Antologia de la Violencia en Guatemala, 2012. Installation view
Antologia de la Violencia en Guatemala, 2012. Installation view
Antologia de la Violencia en Guatemala, 2012. Installation view
Antologia de la Violencia en Guatemala, 2012. Installation view
Antologia de la Violencia en Guatemala, 2012. Installation view
Antologia de la Violencia en Guatemala, 2012. Installation view
Antologia de la Violencia en Guatemala, 2012. Installation view
Antologia de la Violencia en Guatemala, 2012. Installation view
nchamiento, 2012, earthenware sculpture, 34 x 32 x 24 cm
Suicidio, 2012, earthenware sculpture, 34 x 36 x 23 cm
Aborto, 2012, earthenware sculpture, 28 x 28 x 16 cm
Accidente de trancito, 2012, earthenware, 45 x 20 x 23 cm
Accidente de una patrulla de policia, 2012, earthenware sculpture, 54 x 24 x 23 cm
Lacandón, 2006, print on cotton paper, 187 x 153 cm
Painting blindfolded, performance, 2012. Video still
Painting blindfolded, performance, 2012. Video still
Painting blindfolded, performance, 2012. Video still
Untitled, drawing, 2012, mixed media on paper, 76 x 57 cm
Untitled, drawing, 2012, mixed media on paper, 76 x 57 cm
Untitled, drawing, 2012, mixed media on paper, 76 x 57 cm
Untitled, drawing, 2012, mixed media on paper, 76 x 57 cm
Untitled, 2012, drawing, watercolor on paper, 70 x 50 cm
Untitled, 2012, drawing, mixed media on paper, 76 x 57 cm
Untitled, 2012, drawing, mixed media on paper, 76 x 57 cm
Untitled, 2012, drawing, mixed media on paper, 76 x 57 cm
Untitled, 2012, drawing, mixed media on paper, 76 x 57 cm
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ANTOLOGIA DE LA VIOLENCIA EN GUATEMALA

Aníbal López (A-1 53167)

Opening / May 10th 2012 / 6.30 p.m. prometeogallery di Ida Pisani / Via G. Ventura 3 / 20134 Milan

Prometeogallery is pleased to present a solo exhibition of works by Aníbal López (A-1 53167), reaffirming the long partnership between the gallery and the artist. This exhibition gives Aníbal López an opportunity to examine the situation in Guatemala, his homeland, with the greatest attention, mainly using sculpture as his artistic medium.

The starting point for the artist’s anthropological considerations is his awareness that when modern man replaced religious beliefs with legal principles and farming property with profit as a symbol of power, industry took the place of military resources and the functions of art were profoundly transformed.

While the work of art originally aimed to preserve collective ideals, protecting them from criticism, with the passing of time art gradually lost its moral and educational function and retained only that of criticism. In so far as it is a means of production, technique has maintained its subjective value as ornament and as an expression of individuality, ultimately transforming itself into monetary value. This does not mean that artistic representation, whether graphic or audiovisual, has stopped interpreting collective ideals but simply that, once this function has been met, the work of art loses its place in the category of “art” and can be referred to solely as propaganda, advertising or as an instrument to convey an “other” message.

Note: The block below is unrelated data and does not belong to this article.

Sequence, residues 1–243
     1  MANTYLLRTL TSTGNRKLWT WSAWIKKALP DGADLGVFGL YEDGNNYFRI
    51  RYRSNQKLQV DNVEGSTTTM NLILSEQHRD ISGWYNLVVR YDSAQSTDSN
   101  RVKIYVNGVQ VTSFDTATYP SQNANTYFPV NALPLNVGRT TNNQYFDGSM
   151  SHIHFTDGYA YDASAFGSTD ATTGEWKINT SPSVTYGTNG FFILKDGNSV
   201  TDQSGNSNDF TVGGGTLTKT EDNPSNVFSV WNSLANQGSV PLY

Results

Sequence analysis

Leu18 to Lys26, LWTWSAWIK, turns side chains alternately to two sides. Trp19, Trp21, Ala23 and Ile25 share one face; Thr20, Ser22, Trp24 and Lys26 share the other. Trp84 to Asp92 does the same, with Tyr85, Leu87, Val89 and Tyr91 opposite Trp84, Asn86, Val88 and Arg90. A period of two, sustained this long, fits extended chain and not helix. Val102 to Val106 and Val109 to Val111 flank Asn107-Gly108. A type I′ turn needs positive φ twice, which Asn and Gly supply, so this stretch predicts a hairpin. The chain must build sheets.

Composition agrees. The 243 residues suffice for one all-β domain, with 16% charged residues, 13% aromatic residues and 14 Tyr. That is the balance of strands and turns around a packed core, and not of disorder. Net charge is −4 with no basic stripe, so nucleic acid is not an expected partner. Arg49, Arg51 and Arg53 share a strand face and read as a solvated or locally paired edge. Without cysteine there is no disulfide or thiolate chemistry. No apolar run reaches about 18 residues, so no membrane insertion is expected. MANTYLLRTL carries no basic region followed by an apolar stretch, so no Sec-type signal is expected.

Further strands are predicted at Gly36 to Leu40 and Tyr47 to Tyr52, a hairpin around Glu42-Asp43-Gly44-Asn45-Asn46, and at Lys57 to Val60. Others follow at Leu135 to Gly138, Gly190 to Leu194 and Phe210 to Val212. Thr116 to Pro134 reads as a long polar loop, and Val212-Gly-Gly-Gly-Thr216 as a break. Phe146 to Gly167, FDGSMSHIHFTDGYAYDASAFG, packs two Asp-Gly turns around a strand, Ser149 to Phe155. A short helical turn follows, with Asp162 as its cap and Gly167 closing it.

Even so, when seen from a Latin-American perspective, this aspect cannot be systematised that easily, for agricultural land has never been completely replaced by industry and economic power has always been intrinsically linked to the power of the military. As a result, art from Latin America has been considered closer to ornamental handiwork than to an instrument of social criticism, at times even being seen as kitsch: the more it attempts to be contemporary, the more it is viewed as something like an advertising spot. In view of this, the artist – who wishes to maintain a function that has value for society – has been forced to pose the question by starting out from the very origins of our modern age, or even earlier, from the areas of psychology and anthropology: is the distance between production and consumption really all that necessary? Does market diversification really lead to some sort of satisfaction?

Aníbal López attempts to solve this problem by showing a sort of traditional craftsmanship that, in all its crudeness, illustrates the daily death of the people of Guatemala, a country where human beings are often violated as a category, as are human rights, by a state apparatus that is a coercive institution based on the administration of violence. The artist thus recalls the importance of the way in which every nation-state recognises the fundamental rights of its citizens, or fails to do so.

Aníbal López (A1-53167), was born in 1964 in Guatemala, where he currently lives and works. He presented a solo exhibition at the Centro Cultural de España in Guatemala City (2011) and has put on numerous performances over the years. Group exhibitions at the international level include the Bienal de Pontevedra (2010), the biennale in Porto Allegre (2007), the Prague Biennale (2003) and the Venice Biennale (2001), where he was awarded the Golden Lion as Best Young Artist. In June 2012 he will be among the artists selected for dOCUMENTA (13), Kassel.